And, given the details of management’s most recent restructuring “plan” as presented to (and eventually rejected by) creditors, it appears the retailer is more at risk than ever before.
First, a breakdown of what’s breaking down at RadioShack. On March 4, management presented to creditors, in a bid to buy time and liquidity, a plan to shut down 1,100 “underperforming” stores (approximately 20% of the retailer’s 5,200 U.S. locations).
By May 8, however, creditors had rejected the plan, putting the retailer on the fast track toward bankruptcy. And while it may appear counterintuitive to those who don’t work with troubled companies (and therefore understand the ins and outs of the processes involved) that creditors would reject a plan seemingly designed to keep the retailer out of (more) trouble and an inevitable filing, here’s why they were right, based on assumptions implicit to the plan, to reject the inept attempt at a strategic turnaround:
- RadioShack management assumed in its turnaround plan that as a result of the closing of 1,100 stores, it would naturally follow that the decline in same-store sales (nearly -10% as of 2013) would immediately halt.
- Furthermore, through the closure of these locations as outlined in the plan, RadioShack would have, in essence, created an $800m division of underperforming stores, creating a process that management assumed would remain cash neutral.
- Assuming these locations have approximately $150m in inventory, the plan created a significant hole in RadioShack’s ability to borrow just at the time the company is facing severe liquidity pressures. In short, management assumed it could close locations at an almost inhuman speed, resulting in a plan that better resembles an attempt to catch a falling knife.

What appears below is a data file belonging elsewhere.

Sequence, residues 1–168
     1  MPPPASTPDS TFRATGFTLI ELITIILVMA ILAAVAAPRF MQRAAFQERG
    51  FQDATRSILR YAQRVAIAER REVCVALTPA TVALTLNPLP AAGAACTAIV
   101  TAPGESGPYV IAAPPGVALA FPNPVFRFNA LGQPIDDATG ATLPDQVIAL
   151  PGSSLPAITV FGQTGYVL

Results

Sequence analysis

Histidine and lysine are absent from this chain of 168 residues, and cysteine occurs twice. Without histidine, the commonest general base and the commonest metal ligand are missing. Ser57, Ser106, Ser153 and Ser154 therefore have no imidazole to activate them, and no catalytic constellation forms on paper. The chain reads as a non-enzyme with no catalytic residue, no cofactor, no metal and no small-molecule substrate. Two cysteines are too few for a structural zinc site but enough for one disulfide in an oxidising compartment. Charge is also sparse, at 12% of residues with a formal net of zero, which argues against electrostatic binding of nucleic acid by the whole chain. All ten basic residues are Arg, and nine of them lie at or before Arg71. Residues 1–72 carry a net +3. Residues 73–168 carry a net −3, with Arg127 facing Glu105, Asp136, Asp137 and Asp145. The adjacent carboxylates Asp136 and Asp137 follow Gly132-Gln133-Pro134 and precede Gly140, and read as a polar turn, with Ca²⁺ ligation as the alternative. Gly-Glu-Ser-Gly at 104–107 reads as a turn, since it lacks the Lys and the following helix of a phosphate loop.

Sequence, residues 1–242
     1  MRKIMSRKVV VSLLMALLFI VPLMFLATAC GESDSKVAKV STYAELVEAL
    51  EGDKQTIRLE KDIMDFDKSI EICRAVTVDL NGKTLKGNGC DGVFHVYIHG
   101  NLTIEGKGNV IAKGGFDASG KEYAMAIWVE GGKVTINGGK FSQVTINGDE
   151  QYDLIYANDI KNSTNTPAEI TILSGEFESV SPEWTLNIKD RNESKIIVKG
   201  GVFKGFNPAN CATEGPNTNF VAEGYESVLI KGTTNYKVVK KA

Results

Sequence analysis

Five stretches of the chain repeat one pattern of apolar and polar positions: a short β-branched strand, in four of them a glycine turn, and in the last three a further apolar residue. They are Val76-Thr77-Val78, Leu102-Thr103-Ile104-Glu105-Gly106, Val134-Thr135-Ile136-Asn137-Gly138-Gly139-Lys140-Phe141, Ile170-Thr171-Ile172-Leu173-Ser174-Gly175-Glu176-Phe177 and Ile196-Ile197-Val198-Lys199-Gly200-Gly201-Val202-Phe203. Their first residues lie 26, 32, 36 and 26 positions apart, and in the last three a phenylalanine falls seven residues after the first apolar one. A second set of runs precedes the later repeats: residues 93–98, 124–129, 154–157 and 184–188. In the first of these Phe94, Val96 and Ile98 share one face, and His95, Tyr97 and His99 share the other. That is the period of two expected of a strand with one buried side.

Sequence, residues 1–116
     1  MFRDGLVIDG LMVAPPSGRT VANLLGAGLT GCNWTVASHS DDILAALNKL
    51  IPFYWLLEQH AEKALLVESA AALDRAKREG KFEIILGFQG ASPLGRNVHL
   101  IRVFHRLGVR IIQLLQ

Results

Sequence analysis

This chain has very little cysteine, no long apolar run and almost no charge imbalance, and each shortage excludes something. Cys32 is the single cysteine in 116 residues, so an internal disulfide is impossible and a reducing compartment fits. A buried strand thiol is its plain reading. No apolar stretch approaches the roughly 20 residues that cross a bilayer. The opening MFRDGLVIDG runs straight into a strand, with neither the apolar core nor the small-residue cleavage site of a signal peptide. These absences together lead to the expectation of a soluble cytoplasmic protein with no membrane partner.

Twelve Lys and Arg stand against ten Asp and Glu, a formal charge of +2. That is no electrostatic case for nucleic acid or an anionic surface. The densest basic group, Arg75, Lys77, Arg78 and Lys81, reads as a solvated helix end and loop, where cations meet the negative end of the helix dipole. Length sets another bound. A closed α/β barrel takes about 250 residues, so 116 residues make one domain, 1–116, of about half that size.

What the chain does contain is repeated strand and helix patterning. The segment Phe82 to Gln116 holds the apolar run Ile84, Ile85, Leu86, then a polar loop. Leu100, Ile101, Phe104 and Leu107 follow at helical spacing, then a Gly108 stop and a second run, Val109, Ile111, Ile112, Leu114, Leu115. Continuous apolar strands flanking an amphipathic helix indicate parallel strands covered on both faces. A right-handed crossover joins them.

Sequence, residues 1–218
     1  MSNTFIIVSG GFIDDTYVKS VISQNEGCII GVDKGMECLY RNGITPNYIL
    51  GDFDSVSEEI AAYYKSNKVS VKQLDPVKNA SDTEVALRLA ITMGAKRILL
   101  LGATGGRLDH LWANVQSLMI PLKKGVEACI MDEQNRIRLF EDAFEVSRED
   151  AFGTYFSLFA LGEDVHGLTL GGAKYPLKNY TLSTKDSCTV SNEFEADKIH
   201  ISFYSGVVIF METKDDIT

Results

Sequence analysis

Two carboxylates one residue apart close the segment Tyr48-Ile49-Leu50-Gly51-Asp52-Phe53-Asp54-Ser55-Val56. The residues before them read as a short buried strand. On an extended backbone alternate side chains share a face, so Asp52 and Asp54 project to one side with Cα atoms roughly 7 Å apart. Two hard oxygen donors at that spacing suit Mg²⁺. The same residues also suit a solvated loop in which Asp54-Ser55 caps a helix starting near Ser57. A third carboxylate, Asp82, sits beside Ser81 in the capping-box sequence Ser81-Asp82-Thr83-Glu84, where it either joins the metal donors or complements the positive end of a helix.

- Management also posited, on a pro-forma basis (pending store closures — see breakdown here), that while net revenue was projected to decline nearly $800m (from $3.43b in 2013 to $2.642b in 2014) — and assuming a streamlined gross margin 34% from 2013 — this turnaround plan would have resulted in generating nearly half as many gross profit dollars as the company did in 2010 (from $1.17b to $901.8m).
- In order to turn EBITDA break-even, then, SG&A would have had to drop nearly 35%.
- Finally, management assumed that the company’s current leadership team possessed the skillset necessary to oversee the closing 1,100 stores while balancing the severe liquidity and strategy issues that threaten to strangle the company by October 2015.
In short, RadioShack management’s proposed turnaround plan as presented to creditors posed several dangerous assumptions (despite the fact that RadioShack currently has undrawn borrowing capacity) that failed to tackle the most immediate issues threatening the store.
So what’s next for RadioShack? Most likely a fight to secure emergency financing, the filing of Chapter 11 — and the ultimate closure of approximately 1,500 stores — and a strategy to emerge that includes expansion into and securing licensing in foreign markets. But at this point, however, given my lack of exposure to the case, I can posit as such as only conjecture.
Whatever happens, it’s clear that the current management team needs significant help in creating and executing a truly efficient and effective turnaround plan. Otherwise, if an operational plan isn’t put in place — and soon — RadioShack could find itself in a very ugly situation.
With management most likely wishing leadership had put more thought and time into planning once upon a time.
Margaret Bogenrief is a partner with ACM Partners, a boutique crisis management and turnaround advisory firm serving companies and municipalities in financial distress. Furthermore, she is a joint Masters in Business Administration and Masters in Public Policy graduate of the University of Chicago.
This article originally appeared at ACM Partners. Copyright 2014.
Read more: http://www.businessinsider.com/what-radioshacks-rejected-plan-teaches-us-about-turnaround-around-retail-2014-8#ixzz3AroQoTBj